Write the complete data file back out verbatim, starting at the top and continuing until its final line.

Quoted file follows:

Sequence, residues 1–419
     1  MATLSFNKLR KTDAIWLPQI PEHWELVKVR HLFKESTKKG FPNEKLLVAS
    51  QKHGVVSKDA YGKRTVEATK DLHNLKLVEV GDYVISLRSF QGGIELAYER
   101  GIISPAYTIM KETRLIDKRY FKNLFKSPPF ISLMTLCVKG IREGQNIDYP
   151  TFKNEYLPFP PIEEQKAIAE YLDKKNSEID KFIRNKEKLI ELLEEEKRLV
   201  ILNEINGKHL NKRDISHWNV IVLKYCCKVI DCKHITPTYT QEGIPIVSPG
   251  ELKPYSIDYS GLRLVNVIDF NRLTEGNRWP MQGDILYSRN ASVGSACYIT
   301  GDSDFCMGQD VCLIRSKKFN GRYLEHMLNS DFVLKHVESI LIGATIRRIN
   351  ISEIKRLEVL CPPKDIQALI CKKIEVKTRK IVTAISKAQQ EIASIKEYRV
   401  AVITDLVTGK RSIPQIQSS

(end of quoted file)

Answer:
Sequence, residues 1–419
     1  MATLSFNKLR KTDAIWLPQI PEHWELVKVR HLFKESTKKG FPNEKLLVAS
    51  QKHGVVSKDA YGKRTVEATK DLHNLKLVEV GDYVISLRSF QGGIELAYER
   101  GIISPAYTIM KETRLIDKRY FKNLFKSPPF ISLMTLCVKG IREGQNIDYP
   151  TFKNEYLPFP PIEEQKAIAE YLDKKNSEID KFIRNKEKLI ELLEEEKRLV
   201  ILNEINGKHL NKRDISHWNV IVLKYCCKVI DCKHITPTYT QEGIPIVSPG
   251  ELKPYSIDYS GLRLVNVIDF NRLTEGNRWP MQGDILYSRN ASVGSACYIT
   301  GDSDFCMGQD VCLIRSKKFN GRYLEHMLNS DFVLKHVESI LIGATIRRIN
   351  ISEIKRLEVL CPPKDIQALI CKKIEVKTRK IVTAISKAQQ EIASIKEYRV
   401  AVITDLVTGK RSIPQIQSS